As tributes flow for Scott Morrison, police target reckless driving
NSW Police are targeting the Shoalhaven – a “high-risk crash area” – as part of a push to reduce the state’s road toll.
Operation Saturation 2 started on Sunday and will continue until the end of September.
Centre for Road Safety statistics show 14 people have died on Shoalhaven roads so far this year.
The statistics also show that between 2008 and 2012, 52 people were killed and 1710 injured as a result of crashes in the region.
The Shoalhaven is one of several targeted across the state.
“This campaign is about improving road safety by targeting specific behaviours that are amongst some of the biggest killers on our roads,” Roads Minister Duncan Gay said.
“They include speeding, drink-driving, illegal mobile phone use and seatbelt offences.”
He said that based on the Centre for Road Safety’s crash data, “police presence will be boosted in areas that have been identified as leading locations for fatal crashes this year”.
This year’s NSW road toll rose to 204, after the deaths of Scott Morrison and Peter Barclay in a collision on Culburra Road on Saturday afternoon.
As of Sunday, 105 drivers, 35 motorcyclists, 25 vehicle passengers, 31 pedestrians and eight cyclists had died on NSW roads.
This is slightly higher than the 198 deaths recorded this time last year.
Traffic and Highway Patrol’s Acting Assistant Commissioner Bob Ryan said Operation Saturation 2 would see police working more than 1000 extra shifts between now and September.
By ROBERT CRAWFORD
A GREAT bloke with a big heart who was always willing to help is how well-known local fund-raiser and Christmas light enthusiast Scott Morrison is being remembered.
The Shoalhaven community is in shock after the death of Mr Morrison
He and Nowra East man Peter Barclay died in a motor vehicle accident on Culburra Road on Saturday afternoon.
Tributes have flowed for Mr Morrison, who with his wife Brenda raised more than $60,000 for the children’s ward at Shoalhaven Hospital.
“It is just tragic,” said long-time friend Peter Russell.
“He was a great mate to everyone who knew him.
“People often over-use the terms ‘great man’, ‘good fella’, ‘top mate’, and they can lose their actual meaning.
“But Scott was all of those and more.
“He truly went out of his way for everyone he met and was always there for anyone who needed a hand. It was hard not to like Scott.
“His Christmas lights display weren’t an ego thing, he genuinely wanted to give something back to his community, that’s why they became more and more spectacular.
“He was a tremendous friend, a brilliant father and a very faithful, loving husband.”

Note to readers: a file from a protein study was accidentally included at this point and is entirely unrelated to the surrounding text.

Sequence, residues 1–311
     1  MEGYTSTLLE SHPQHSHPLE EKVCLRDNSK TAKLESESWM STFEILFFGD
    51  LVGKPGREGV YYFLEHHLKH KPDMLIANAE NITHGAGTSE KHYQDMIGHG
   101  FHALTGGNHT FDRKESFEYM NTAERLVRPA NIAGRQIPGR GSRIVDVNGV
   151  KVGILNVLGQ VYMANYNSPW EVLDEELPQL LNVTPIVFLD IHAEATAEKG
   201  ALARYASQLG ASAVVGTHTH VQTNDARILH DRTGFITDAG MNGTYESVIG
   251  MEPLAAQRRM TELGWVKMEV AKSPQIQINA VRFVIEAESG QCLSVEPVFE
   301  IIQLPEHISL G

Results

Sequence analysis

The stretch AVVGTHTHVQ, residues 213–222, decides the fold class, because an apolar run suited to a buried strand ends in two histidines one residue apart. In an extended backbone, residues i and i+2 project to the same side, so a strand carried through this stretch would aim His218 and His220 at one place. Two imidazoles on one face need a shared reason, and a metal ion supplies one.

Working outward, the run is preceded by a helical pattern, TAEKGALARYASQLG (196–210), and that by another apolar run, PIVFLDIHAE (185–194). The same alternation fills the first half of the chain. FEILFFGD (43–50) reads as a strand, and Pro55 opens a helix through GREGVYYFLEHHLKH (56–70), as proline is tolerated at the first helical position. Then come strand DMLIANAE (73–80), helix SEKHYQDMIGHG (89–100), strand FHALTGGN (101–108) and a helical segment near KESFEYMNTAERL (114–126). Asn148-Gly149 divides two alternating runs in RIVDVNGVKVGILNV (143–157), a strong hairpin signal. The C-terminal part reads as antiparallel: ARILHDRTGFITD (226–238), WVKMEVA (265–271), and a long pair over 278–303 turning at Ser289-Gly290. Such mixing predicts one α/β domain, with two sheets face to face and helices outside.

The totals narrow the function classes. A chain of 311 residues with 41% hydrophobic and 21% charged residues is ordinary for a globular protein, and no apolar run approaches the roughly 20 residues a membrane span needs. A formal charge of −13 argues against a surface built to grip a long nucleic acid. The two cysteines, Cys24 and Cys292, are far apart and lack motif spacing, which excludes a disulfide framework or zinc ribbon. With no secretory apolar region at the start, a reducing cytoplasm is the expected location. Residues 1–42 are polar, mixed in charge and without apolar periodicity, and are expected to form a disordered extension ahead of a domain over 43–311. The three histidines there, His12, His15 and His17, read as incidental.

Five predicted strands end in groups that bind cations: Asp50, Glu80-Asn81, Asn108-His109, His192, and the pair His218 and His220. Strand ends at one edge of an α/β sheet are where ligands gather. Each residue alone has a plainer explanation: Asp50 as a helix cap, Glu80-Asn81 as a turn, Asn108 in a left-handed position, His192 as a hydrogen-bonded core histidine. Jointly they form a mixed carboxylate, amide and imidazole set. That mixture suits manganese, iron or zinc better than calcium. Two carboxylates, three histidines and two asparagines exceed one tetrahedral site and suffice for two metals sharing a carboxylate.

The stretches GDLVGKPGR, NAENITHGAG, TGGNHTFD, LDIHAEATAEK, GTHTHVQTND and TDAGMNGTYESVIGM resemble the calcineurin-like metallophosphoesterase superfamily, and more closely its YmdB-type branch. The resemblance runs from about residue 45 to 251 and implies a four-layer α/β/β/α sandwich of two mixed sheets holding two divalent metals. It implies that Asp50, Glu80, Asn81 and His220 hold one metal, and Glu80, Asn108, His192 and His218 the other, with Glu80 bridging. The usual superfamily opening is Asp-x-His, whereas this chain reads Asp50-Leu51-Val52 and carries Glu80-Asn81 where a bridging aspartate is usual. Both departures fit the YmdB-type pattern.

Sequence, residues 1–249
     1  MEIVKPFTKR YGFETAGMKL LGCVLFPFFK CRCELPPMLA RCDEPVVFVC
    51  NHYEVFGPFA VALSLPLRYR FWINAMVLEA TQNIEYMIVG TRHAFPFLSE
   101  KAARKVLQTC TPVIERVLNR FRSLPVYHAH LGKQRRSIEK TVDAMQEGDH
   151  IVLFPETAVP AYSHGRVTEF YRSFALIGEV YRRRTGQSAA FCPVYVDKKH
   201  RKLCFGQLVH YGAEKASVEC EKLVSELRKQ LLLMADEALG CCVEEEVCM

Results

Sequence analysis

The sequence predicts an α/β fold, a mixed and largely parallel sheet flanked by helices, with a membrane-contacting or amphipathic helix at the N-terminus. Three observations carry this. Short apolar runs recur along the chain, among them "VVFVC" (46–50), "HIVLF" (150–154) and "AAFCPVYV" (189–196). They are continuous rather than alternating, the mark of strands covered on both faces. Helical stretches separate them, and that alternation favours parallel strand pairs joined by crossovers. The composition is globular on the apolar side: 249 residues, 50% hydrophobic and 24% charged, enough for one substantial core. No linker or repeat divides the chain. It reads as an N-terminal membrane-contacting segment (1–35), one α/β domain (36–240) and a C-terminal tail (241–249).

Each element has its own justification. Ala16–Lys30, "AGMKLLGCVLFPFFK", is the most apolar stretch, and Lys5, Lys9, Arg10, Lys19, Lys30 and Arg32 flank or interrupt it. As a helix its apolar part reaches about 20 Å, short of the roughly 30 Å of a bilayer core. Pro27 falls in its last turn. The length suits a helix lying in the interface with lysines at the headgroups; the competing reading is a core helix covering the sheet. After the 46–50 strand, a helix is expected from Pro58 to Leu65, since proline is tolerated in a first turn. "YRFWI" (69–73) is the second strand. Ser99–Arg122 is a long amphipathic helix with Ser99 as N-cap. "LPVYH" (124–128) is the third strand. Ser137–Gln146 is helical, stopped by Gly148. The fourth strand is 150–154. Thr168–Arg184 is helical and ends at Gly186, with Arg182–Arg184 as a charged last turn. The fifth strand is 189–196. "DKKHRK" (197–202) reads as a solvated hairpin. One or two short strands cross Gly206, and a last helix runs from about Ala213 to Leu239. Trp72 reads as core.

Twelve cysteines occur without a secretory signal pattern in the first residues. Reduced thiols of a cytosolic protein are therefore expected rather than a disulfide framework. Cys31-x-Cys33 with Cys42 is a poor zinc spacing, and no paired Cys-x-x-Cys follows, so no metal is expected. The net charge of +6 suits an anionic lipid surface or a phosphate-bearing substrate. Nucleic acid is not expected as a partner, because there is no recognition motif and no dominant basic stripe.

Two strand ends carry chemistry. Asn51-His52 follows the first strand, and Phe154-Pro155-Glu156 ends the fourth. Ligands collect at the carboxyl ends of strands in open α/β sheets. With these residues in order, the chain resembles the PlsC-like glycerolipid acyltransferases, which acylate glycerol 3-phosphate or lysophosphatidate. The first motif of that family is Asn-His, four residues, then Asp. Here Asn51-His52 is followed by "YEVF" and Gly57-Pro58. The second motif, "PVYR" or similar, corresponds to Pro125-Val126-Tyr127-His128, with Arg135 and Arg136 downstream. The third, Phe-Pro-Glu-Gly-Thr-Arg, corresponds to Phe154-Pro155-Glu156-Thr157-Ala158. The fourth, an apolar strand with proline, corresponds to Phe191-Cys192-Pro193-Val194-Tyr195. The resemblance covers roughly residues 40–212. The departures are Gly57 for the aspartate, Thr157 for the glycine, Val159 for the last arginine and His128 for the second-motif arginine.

Mr Morrison had worked with Integrity Real Estate since February after previously working for Shell and Coles Express for many years, where he was a state merchandising manager.
Mr Russell said Mr Morrison’s brilliant display at Gumnut Way was all about providing joy at Christmas and raising money for the local hospital.
Mrs Morrison, also well-known as an employee at Franklins and later Woolworths at Stockland Nowra for 20 years, is listed in a stable condition but has severe injuries including six broken ribs, a cracked sternum, punctured lung, two fractured vertebrae, a badly broken right arm which she was due to have surgery on and numerous lacerations.
Their daughters Lilly, 7, suffered a broken right arm and Charlotte, 4, a broken left wrist.
Mr Russell said one of the hardest things he has ever witnessed was being present when Mrs Morrison told her daughters that their father had died in the accident.
“Being a father it was horrible. The girls are naturally struggling with it,” he said.
“One of them said Daddy was her hero and asked why he had saved them and not himself?”
Friend Scott Edgerton had known Mr Morrison for 15 years, working with him on his Christmas light extravaganza for a decade.
“It’s a great loss, we’re all going to miss him terribly,” he said.
“[He was] an incredible man who will be sadly missed.”
Former 2ST/Power FM announcer Adam Straney had known Mr Morrison for a decade, saying he did much for the community.
“He may have only had his lights out for two weeks of the year but everyone knew him and his display,” he said.
“He and Brenda and the kids made Christmas more fun.
“Just a great bloke, with a wonderful smile – he was always in a good mood.
“I hope the community never forgets him and I would love to see it come together and continue his work and put on his light show as a tribute to him.”